FIG. 1 illustrates a data flow 100 through an exemplary implementation of an email spam filter. When email message 102 is received, sender identification module 104 identifies a sender of the message and message features extraction module 106 processes the received email message 102 to extract contents and/or properties of the message. For example, sender identification module 104 may extract data from a header associated with the email message to determine an IP address or domain from which the email message was sent, and message features extraction module 106 may extract data from, for example, a subject, header data, body text, an attachment filename, and so on.

Sender/features spam score determination module 108 determines a sender/features spam score for the received email message 102 based on a combination of a reputation associated with the identified sender of the email message and contents and/or properties of the email message.

For example, data may be gathered over a period of time that indicates a number of good email messages and a number of spam messages received from a particular sender (e.g., IP address, block of IP addresses, domain name, etc.). This data may then be used to calculate, for example, a mathematical probability that a particular email message is spam, given that the sender of the particular email message has a particular identity.

Similarly, data may be gathered over a period of time that indicates specific words and/or phrases that are found most frequently in good email messages or are found most frequently in spam email messages, or that indicates that spam tends to be sent more frequently at particular times of day or on a particular day of the week. In an exemplary implementation, the words and phrases, times of day, and days of the week, may be assigned numerical values based on how frequently each particular feature is found in good email messages compared to how frequently the same feature is found in spam email messages. This data may then be used to calculate, for example, a mathematical probability that a particular email message is spam, given the extracted contents and/or properties of the particular email message.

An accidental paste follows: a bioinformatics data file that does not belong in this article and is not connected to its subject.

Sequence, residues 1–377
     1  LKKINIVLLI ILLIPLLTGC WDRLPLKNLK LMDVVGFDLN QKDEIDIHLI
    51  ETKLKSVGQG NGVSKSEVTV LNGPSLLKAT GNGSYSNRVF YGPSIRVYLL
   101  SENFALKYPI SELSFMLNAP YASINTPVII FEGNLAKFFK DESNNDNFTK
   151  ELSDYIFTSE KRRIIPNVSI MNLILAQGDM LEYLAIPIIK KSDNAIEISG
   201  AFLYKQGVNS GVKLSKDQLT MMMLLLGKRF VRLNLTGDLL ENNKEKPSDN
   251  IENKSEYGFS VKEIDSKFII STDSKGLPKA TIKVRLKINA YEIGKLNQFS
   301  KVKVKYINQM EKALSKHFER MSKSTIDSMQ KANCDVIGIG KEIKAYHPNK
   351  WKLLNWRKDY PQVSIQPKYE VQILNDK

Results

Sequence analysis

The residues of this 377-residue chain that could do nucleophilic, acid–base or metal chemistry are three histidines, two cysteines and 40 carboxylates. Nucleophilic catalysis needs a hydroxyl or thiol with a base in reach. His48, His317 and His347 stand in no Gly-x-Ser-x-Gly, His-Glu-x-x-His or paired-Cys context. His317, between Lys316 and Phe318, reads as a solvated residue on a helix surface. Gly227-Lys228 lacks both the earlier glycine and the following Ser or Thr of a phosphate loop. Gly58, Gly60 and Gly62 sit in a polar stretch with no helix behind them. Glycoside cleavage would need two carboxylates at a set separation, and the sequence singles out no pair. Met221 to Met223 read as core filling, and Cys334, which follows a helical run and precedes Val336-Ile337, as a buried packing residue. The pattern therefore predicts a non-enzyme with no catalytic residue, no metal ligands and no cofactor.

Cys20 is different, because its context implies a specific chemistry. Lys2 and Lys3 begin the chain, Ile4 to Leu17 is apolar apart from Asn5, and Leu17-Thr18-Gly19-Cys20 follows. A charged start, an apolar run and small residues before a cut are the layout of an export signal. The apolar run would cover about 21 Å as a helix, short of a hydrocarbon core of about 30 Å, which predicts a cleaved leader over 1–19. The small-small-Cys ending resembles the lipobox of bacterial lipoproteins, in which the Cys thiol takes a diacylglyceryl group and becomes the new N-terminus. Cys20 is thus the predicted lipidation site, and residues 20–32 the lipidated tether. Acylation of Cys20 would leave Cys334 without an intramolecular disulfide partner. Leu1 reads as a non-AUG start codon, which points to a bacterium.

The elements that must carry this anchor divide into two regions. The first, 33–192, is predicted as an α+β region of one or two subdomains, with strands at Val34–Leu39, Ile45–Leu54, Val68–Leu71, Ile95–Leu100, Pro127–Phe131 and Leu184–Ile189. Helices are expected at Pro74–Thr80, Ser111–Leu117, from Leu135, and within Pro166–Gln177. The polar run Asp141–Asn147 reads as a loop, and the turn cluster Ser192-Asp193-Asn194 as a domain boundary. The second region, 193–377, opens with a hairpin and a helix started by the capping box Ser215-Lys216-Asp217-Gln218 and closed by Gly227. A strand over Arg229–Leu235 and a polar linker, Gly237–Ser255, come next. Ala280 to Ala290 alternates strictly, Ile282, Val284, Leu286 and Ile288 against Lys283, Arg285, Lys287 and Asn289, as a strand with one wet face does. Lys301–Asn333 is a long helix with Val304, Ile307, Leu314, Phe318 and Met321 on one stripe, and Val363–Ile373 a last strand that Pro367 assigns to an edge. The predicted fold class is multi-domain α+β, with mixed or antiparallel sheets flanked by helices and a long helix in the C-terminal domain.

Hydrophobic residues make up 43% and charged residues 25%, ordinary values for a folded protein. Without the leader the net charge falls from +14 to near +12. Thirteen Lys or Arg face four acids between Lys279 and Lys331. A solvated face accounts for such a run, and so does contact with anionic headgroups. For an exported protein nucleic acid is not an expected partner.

In the described exemplary implementation, spam scores are calculated based on mathematical probabilities. It is recognized, however, that other techniques may be used to generate spam scores, and the use of scores that represent and/or are generated based on mathematical probabilities is not to be construed as a limitation. In the described exemplary implementation, sender/feature spam score determination module 108 calculates a probability that the email message 102 is spam, given the identity of the sender, and a probability that the email message 102 is spam given the contents and/or properties of the message. The two probabilities are combined to represent a probability that the email message 102 is spam given the sender of the message and the contents and/or properties of the message. In an exemplary implementation, this may be expressed mathematically as:
P(spam|sender)·P(spam|features)
where P(spam|sender) represents the mathematical probability that the message is spam given the sender of the message, and P(spam|features) represents the mathematical probability that the message is spam given the contents and/or properties of the message.

By examining both the sender reputation and message contents and/or properties on a first pass, messages from unknown senders or from senders with a good reputation may be preliminarily identified as spam based significantly, if not entirely, on the message contents and/or properties.

If the sender/feature spam score determined by sender/feature spam score determination module 108 indicates the received email message 102 is not likely spam, then a non-spam output 110 is generated. This occurs when the combination of the sender of the email message and the contents/properties of the email message suggest a significantly strong likelihood that the email message is not spam.